Financial Hardship for Samuel L. Jackson? How Celebrities Get Out of Jury Duty

The potential for distraction or influence generally does not convince judges to dismiss celebrities, says Los Angeles litigator John Gatti.
Charles Sykes/Invision/AP

Samuel L. Jackson reportedly was dismissed from jury service in a Los Angeles courtroom Tuesday after he told the judge he couldn't serve due to his commitment to shoot a film this month and in October.

Of course, Americans around the country are called for and serve jury duty even when it’s inconvenient for their work schedules. Why not Jackson?

Sharon Arkin is one of the lawyers for the plaintiff in the case for which Jackson was called. Although she was not present for jury selection, she tells The Hollywood Reporter she is not surprised Jackson got dismissed.

"About half the number of people called for jury duty are expected to get dismissed due to hardship, especially for a trial expected to last three weeks," she says, adding Jackson's claim his work would be impacted was a valid reason for asking to be dismissed.

Robert Dugdale, a federal prosecutor in Los Angeles for more than 18 years, says he never has had a celebrity on a jury, but he has seen several serve as jurors in federal criminal trials.

"The same standards are applied to celebrities called to serve on jury duty as the standards applied to everyone else," says Dugdale. “They, like all citizens qualified to serve as jurors, have a civic duty to serve."

Invoking a hardship in order to be dismissed is common during all jury selections, he says, but judges can "see through" who is just trying to get out of serving and "can usually distinguish such jurors from those who have a legitimate need to be excused from jury service due to a financial hardship or some other hardship to themselves or others that would exist as a result of their jury service."

An argument for financial hardship sounds inapplicable to Jackson, whose movies apparently have grossed the most combined of any actor. However, notes attorney E. Barry Haldeman, celebrities could argue their absence from production shoots could cause financial hardship for the crew and producers, which Jackson reportedly did.

In most cases in which jury service would hamper a production, the celebrity would postpone jury service rather than receive a dismissal, says Los Angeles litigator John Gatti, though Jackson already might have postponed his service as much as he could. “My overall experience is that judges have made it very difficult for anybody to get excused from the jury pool," he tells THR.

The potential for distraction or influence generally does not convince judges to dismiss celebrities, says Gatti, adding that a former co-worker had January Jones serve on his case years ago. He finds judges more reluctant to excuse celebrity (and industry) jurors than they were 10 years ago.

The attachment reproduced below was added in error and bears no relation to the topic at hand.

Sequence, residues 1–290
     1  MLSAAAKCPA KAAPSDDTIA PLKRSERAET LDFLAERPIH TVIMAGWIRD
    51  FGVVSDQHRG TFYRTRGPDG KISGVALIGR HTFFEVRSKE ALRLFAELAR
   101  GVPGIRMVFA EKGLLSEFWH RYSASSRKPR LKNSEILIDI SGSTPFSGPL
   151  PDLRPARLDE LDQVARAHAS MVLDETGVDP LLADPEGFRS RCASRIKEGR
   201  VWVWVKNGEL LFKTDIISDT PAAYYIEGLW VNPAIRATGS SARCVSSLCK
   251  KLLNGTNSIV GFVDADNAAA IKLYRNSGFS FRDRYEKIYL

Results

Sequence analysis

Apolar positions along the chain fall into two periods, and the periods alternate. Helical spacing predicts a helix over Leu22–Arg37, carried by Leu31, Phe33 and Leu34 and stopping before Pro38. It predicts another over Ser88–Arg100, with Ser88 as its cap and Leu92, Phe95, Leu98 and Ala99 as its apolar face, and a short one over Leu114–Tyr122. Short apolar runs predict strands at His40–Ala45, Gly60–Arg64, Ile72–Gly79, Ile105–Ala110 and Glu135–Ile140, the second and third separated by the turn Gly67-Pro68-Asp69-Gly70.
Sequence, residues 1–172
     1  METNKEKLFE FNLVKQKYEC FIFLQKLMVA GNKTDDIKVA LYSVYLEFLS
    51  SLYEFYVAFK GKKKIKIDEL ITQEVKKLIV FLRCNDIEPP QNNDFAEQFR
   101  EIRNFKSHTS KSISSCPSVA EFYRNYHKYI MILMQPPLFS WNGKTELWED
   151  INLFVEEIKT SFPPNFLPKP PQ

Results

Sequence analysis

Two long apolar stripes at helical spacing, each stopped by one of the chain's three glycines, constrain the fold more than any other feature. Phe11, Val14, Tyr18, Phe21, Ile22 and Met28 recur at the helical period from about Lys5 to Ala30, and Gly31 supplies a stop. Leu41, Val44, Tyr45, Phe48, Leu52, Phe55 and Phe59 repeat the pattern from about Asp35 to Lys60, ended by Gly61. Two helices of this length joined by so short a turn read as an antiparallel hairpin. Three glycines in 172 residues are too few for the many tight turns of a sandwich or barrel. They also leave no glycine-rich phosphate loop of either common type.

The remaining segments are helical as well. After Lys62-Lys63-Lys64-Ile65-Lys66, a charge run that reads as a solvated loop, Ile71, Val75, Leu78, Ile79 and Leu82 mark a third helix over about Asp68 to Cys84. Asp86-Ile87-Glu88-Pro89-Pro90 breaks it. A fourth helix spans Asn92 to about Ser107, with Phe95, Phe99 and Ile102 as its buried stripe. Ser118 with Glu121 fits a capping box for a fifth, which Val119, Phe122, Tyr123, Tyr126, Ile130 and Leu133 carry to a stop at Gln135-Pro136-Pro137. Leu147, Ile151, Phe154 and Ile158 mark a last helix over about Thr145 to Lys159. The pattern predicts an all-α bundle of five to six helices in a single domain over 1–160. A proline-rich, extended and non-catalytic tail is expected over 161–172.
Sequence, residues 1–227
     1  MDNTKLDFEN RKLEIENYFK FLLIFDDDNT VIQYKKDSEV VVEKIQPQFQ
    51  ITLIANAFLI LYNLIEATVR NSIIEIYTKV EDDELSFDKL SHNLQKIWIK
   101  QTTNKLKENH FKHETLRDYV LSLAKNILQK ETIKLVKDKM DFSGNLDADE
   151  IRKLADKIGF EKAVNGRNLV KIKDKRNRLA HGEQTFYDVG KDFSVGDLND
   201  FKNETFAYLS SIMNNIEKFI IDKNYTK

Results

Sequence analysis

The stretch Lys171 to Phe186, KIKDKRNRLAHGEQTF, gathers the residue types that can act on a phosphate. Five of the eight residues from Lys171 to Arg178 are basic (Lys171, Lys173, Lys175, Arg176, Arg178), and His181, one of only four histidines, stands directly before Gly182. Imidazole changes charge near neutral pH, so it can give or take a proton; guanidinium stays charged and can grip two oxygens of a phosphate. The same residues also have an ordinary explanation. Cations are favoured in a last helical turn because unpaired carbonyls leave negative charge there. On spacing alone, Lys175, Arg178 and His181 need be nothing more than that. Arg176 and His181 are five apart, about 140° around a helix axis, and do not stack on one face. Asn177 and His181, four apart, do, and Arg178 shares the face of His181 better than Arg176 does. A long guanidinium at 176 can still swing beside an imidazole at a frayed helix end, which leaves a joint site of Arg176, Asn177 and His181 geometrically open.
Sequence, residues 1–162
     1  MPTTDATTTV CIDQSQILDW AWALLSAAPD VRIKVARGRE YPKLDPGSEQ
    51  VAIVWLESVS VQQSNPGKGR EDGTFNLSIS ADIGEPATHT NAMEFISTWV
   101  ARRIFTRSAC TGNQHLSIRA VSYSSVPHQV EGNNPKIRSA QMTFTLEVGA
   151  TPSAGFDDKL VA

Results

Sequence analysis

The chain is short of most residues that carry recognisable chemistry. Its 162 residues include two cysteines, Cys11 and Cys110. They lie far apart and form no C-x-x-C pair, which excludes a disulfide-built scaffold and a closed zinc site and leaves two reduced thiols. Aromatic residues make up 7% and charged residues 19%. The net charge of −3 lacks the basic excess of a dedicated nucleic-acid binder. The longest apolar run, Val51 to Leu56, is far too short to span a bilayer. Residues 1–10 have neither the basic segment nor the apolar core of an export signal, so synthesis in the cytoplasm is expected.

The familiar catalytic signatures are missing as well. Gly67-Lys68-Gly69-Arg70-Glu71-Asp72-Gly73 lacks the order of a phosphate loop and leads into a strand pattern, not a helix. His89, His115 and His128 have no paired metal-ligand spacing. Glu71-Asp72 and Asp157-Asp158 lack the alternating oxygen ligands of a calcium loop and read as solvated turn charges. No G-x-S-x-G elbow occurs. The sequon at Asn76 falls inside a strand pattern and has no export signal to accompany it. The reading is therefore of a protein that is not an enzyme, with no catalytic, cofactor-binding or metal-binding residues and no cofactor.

"In the past, we were able to work with the system and get even executives who were in entertainment companies excused because of the demands of their jobs, but today, that’s not the situation," he says. "In today's system, 'celebrity' is not going to be deemed an excuse."

"With respect to the issue of celebrity, the Los Angeles Superior Court treats all jurors the same," says a representative for the court, adding that the court can make accommodations for celebrity jurors' safety.

Some lawyers do have concerns when a celebrity is called in for jury selection. “I have heard a reluctance by some lawyers to impanel jurors who work in the entertainment industry because working in a profession that calls upon you to use your imagination and creativity may make you more inclined than others to fill in the evidentiary gaps in a case in a way where imagination serves as a substitute for reason," says Dugdale.

Adds Haldeman, "From a litigator’s point of view, you may or may not want to remove a celebrity from the jury pool because it would seem to me a celebrity has much more weight in the jury room than anyone else."

However, Dugdale contends such stereotypes often lead to the wrong conclusion. "I would not, in the case of a potential juror who was a celebrity, assume that their professional persona indicates whether or not that celebrity will be a favorable juror for my side," he says. "I would not assume that just because Samuel L. Jackson played the role of an FBI agent in Snakes on a Plane, he would be predisposed to favor the government in a case involving the FBI."